Agreeing to this was probably a mistake — but to have any hope of producing results, Trump will have to prepare much more carefully than he did last time. The North has taken only cosmetic steps toward dismantling its nuclear and long-range missile programs, while continuing to produce missiles and fissile material. The coalition confronting North Korea looks increasingly shaky: Ties between South Korea and Japan are fraying, and China might withhold support to gain leverage in trade talks with the U.S. Meanwhile, leaders in Seoul and Beijing are eager to resume business with the North, undermining the “maximum pressure” campaign Trump insists will continue until the North denuclearizes.
HELSINKI - Sweden said Sunday diplomats from South Korea and the U.S. will attend "small-format" talks in the Nordic country with a North Korean colleague along with "a small group of international experts." Swedish Foreign Ministry spokesman Buster Mirow Emitslof told The Associated Press that Lee Do-hoon of South Korea and Steve Biegun, U.S. special envoy for North Korea negotiations, will meet with North Korean Deputy Foreign Minister Choe Son Hui, who arrived Friday in Sweden. The talks are hosted by the Swedish government and SIPRI, or the Stockholm International Peace Research Institute, an independent think-thank focused on research on conflicts, armaments and arms control. The ministry
WASHINGTON (AP) — Secretary of State Mike Pompeo is to meet former North Korean spy chief Kim Yong Chol on Friday for talks aimed at finalizing a second summit between President Donald Trump and North Korean leader Kim Jong Un. The State Department announced the late-morning meeting, and other administration officials indicated it likely will be followed by Kim Yong Chol's visit to the White House, where he could meet with Trump. Those officials were not authorized to discuss the matter publicly and spoke on the condition of anonymity. Trump has spoken several times of having a second summit with Kim early this year and has exchanged multiple letters with the North Korean despite little tangible
WASHINGTON (AP) — President Donald Trump will hold a second summit with North Korean leader Kim Jong Un to try to broker a deal to coax the North to give up its nuclear program, the White House announced Friday. News of a second meeting with the reclusive North Korean leader came after Trump met at the White House for 90 minutes with a North Korean envoy, Kim Yong Chol, who had traveled to Washington to discuss denuclearization talks. Trump and Kim Jong Un are to meet near the end of February. “The president looks forward to meeting with Chairman Kim at a place to be announced at a later date,” said White House press secretary Sarah Huckabee Sanders. Trump had his first, historic meeting with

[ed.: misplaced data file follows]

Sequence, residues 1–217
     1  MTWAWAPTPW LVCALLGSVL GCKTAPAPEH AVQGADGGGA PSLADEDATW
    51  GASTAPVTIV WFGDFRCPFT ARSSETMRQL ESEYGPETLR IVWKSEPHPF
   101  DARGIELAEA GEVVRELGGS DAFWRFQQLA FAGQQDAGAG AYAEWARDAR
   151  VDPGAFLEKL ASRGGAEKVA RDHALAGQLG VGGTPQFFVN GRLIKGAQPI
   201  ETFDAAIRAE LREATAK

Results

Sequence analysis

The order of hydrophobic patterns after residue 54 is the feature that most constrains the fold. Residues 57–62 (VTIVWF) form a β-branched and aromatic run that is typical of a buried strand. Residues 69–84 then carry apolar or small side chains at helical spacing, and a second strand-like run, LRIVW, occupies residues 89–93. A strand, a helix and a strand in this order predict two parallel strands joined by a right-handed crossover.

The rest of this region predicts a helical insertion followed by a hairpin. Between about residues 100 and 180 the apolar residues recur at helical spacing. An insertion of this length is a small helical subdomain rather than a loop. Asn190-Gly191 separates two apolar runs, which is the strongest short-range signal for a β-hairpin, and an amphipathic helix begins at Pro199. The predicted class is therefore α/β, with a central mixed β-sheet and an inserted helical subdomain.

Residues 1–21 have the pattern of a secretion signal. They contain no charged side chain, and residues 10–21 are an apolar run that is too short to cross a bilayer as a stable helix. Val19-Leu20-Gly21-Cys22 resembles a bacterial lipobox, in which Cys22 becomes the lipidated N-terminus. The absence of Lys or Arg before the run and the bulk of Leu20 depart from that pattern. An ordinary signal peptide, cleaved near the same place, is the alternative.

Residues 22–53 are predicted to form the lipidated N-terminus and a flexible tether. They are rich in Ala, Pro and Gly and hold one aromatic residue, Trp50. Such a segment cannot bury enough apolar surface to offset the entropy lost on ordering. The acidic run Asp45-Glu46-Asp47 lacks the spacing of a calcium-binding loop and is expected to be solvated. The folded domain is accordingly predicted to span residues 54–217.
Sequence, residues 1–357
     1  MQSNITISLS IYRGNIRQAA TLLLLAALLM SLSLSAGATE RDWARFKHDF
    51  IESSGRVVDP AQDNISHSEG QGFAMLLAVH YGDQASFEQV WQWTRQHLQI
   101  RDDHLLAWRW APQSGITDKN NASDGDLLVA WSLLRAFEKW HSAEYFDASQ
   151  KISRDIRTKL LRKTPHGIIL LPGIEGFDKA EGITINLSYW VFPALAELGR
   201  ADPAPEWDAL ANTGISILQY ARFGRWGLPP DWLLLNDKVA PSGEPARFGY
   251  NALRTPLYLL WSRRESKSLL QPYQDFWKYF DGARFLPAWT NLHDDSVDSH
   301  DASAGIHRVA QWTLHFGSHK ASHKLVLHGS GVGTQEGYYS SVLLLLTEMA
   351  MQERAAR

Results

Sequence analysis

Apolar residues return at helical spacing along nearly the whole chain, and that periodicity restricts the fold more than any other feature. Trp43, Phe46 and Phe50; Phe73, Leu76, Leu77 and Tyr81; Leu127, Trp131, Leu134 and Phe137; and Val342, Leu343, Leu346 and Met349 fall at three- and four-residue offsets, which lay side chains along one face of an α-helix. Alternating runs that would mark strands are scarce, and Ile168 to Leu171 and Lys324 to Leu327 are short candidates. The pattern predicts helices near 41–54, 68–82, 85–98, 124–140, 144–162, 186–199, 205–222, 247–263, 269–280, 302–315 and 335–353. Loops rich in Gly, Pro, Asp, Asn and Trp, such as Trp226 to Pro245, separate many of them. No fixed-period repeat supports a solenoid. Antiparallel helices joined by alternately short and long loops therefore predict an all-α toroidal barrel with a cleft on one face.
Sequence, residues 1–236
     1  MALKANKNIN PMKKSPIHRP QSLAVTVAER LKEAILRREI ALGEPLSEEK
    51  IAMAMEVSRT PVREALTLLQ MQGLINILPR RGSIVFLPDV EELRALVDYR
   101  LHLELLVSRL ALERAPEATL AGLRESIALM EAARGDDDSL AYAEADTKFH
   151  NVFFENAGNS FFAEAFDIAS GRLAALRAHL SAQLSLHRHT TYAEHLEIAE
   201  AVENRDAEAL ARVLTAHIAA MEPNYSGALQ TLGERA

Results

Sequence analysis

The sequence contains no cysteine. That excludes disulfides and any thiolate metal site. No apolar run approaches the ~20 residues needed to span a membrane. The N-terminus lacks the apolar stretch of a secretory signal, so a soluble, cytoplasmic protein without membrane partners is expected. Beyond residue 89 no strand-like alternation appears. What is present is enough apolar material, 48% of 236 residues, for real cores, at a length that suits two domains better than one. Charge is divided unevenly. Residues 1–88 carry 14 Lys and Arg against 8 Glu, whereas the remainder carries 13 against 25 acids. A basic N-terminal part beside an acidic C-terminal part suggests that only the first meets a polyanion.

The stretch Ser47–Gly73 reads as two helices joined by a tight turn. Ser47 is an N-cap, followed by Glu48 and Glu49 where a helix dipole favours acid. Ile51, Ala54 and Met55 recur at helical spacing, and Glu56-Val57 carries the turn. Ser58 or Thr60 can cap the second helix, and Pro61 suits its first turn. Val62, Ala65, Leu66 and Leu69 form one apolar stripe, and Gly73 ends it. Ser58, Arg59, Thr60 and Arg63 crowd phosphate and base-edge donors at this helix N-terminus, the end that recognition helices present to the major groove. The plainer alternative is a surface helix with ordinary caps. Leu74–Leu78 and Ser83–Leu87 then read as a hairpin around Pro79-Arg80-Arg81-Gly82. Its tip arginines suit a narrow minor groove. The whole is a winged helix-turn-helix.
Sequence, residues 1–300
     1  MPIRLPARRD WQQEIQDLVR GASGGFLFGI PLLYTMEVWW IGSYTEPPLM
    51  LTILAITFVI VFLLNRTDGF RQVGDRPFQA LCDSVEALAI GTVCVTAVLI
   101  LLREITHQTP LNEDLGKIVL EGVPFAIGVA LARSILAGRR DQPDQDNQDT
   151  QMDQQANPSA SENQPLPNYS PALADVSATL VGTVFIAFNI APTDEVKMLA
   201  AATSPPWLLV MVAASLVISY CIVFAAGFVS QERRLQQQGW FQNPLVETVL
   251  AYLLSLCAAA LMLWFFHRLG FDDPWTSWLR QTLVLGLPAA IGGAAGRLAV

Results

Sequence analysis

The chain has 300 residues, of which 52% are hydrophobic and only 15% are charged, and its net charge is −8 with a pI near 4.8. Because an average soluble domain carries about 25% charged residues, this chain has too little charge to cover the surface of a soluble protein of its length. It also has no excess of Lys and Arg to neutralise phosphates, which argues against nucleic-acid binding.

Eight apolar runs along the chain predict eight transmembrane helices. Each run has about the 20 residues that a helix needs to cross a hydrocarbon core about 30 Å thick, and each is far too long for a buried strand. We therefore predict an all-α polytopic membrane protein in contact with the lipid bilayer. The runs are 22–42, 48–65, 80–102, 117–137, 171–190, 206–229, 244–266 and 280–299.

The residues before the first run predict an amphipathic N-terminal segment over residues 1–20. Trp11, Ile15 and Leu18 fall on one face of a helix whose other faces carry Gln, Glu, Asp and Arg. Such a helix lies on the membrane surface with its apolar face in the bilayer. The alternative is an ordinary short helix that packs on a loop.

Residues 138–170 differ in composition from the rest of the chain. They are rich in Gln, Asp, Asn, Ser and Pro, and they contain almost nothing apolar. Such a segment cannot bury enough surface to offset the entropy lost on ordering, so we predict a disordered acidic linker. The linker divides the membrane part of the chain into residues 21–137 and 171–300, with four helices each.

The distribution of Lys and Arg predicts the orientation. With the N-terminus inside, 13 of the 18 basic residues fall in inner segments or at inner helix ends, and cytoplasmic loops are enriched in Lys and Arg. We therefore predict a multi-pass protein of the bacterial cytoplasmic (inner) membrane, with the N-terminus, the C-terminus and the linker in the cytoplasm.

North Korea is no longer South Korea's "enemy," though Pyongyang's nuclear program still poses a security threat, according to Seoul's biennial defense document published Tuesday. It's the first time since 2010, the same year 50 South Koreans were killed in attacks blamed on the North, that the enemy label hasn't been applied, and a further sign of better ties between the rivals. The South Korean Defense Ministry white paper doesn't include past terms that labeled North Korea an "enemy, a "present enemy" or the South's "main enemy." It still said the North's weapons of mass destruction are a "threat to peace and stability on the Korean Peninsula," a reference to the North's missile and nuclear program.
Swedish Foreign Ministry spokesman Buster Mirow Emitslof told The Associated Press that Lee Do-hoon of South Korea and Steve Biegun, U.S. special envoy for North Korea negotiations, will meet with North Korean Deputy Foreign Minister Choe Son Hui, who arrived Friday in Sweden. The talks are hosted by the Swedish government and SIPRI, or the Stockholm International Peace Research Institute, an independent think-thank focused on research on conflicts, armaments and arms control.
BEIJING (Reuters) - A North Korean art troupe will visit China starting on Wednesday, Chinese state media said on Sunday. The troupe will led by Ri Su Yong, a vice-chairman of the ruling Workers' Party's Central Committee and director of its International Department, the official Xinhua news agency said, without providing other details. China has sought to remain front and center in diplomatic efforts over Pyongyang. North Korean leader Kim Jong Un met with Chinese President Xi Jinping for the fourth time earlier this month, ahead of Kim's second summit with U.S. President Donald Trump. The White House said on Friday the summit between Trump and Kim will be held in late February. An all-female